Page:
The Montes de Malaga (Malaga Mountains) in the Aleppo Pine Forests is an important protection for the soil in the city to protect Malaga from floods and mudslides. Just a few minutes from the city centre of Malaga, this park has miles of trails to explore and nice for those who like to hike and walk.
The Torrijos Trail takes you through what was once the wine-producing areas and you can still see some of the old vine crops. The Pocopan Trail winds through the forest where you can see all sorts of wildlife and panoramic views of the city.
Museo de Malaga
With more than 15,000 pieces in eight rooms, you can find both historic archaeology pieces as well as 2,000 pieces of fine art. There are two parts, including the Provincial Archaeological Museum and the Museum of Fine Arts.
In the fine arts section, there are hundreds of Spanish works by artists such as Pablo Picasso, Francisco de Goya, Diego Velazquez, and Antonio del Castillo. The archaeological area boasts historical attractions like a Hercules mask from the 1st century, and you can see it all for free on Sundays.
Cathedral of Malaga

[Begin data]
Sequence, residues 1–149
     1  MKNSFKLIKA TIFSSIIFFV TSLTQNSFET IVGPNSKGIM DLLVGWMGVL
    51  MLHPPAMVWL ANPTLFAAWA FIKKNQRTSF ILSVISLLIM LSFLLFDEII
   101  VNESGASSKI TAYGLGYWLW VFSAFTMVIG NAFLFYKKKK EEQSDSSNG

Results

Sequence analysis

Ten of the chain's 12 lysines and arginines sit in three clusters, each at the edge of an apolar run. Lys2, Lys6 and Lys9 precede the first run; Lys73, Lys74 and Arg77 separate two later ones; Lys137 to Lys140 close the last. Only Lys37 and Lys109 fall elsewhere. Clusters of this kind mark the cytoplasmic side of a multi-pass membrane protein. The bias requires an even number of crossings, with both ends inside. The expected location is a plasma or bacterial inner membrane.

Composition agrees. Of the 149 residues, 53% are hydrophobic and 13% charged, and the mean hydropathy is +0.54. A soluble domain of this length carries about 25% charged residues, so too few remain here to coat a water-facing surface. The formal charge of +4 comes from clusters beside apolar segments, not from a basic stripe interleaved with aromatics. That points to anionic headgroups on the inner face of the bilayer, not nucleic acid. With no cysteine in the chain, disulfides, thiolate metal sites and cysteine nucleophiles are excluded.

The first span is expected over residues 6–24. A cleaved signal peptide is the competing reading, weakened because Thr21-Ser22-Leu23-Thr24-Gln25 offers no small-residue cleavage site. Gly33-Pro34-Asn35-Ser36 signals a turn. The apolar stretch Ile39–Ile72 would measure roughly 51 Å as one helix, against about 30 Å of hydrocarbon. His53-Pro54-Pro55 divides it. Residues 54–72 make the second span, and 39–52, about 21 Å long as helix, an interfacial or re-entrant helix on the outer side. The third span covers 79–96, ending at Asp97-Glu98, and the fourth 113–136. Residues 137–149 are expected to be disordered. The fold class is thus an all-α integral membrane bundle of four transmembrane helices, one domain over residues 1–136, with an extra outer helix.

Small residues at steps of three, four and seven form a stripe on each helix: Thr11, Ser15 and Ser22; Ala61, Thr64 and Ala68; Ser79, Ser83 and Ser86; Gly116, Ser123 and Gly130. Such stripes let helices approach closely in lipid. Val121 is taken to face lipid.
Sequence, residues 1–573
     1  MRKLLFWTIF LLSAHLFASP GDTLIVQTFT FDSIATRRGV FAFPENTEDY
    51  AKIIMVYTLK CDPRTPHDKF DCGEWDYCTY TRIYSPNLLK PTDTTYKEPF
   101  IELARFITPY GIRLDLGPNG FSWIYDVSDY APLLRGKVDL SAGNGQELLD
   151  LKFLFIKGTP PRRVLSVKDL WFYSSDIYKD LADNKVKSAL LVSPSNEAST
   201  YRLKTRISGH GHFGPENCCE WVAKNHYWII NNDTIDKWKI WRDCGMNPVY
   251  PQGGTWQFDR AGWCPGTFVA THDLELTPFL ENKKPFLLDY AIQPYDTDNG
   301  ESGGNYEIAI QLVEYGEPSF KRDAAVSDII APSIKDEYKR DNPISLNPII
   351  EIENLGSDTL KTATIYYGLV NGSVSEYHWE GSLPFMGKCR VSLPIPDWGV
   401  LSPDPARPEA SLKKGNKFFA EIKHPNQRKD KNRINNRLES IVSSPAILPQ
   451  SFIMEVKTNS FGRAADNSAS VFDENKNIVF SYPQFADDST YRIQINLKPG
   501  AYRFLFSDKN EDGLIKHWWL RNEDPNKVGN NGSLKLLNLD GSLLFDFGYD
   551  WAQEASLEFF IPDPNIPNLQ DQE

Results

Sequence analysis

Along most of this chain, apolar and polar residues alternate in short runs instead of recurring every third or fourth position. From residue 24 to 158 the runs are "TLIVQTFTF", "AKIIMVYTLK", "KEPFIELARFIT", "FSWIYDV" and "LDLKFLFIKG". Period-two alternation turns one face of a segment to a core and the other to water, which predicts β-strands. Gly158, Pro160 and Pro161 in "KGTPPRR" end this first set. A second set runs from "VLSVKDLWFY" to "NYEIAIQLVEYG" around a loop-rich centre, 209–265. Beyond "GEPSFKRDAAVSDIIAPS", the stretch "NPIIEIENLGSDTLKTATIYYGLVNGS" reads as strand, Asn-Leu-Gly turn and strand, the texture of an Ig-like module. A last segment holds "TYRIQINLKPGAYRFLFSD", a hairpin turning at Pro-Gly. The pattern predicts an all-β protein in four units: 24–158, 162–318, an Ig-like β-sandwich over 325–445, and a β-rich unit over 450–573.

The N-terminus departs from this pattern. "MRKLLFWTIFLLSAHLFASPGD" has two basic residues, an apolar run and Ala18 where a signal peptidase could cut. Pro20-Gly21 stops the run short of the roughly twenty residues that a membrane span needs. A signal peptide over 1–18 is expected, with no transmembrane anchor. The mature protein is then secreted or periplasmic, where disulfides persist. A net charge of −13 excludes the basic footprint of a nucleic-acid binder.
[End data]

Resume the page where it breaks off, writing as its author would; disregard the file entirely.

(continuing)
The full name of this iconic chapel is Our Lady of Incarnation or Nuestra Senora de la Encarnacion. Conveniently located between the Museo de Malaga and the Picasso Museum, the Cathedral of Malaga is a sight to see from the outside as well as the inside.
The building itself is from the 1500s and is in baroque style with a facade that is really majestic. The ornate choir stalls are stunning and you do not have to pay a dime to see them. No matter what your religious background is, the Cathedral is an iconic landmark that you cannot miss.
If you want to see more than Malaga, take a day trip to one of the nearby attractions or cities like the Andalusian Settlements in Cadiz or Nerja on the southern coastline. Mijas is another good spot for a day trip with three features including a hillside village, seaside report, and a suburban area.
Of course, you have heard of Gibraltar and it is only a few hours away so it is definitely worth a visit. The whitewashed town of Frigiliana is only an hour away and its cobbled streets and terracotta houses are perfect for Instagram photos and selfies.
See Malaga for Free
Although we cannot list all the free things you can do in Malaga, we tried to get as many as we could find that are worth a visit. You may be surprised at some of the free things to do in Malaga that you never even thought of like the Russian Museum, the botanical gardens, Plaza de la Merced, and Puerto de Malaga as well as the Roman Theatre, Atarazanas Market, and many of the public beaches.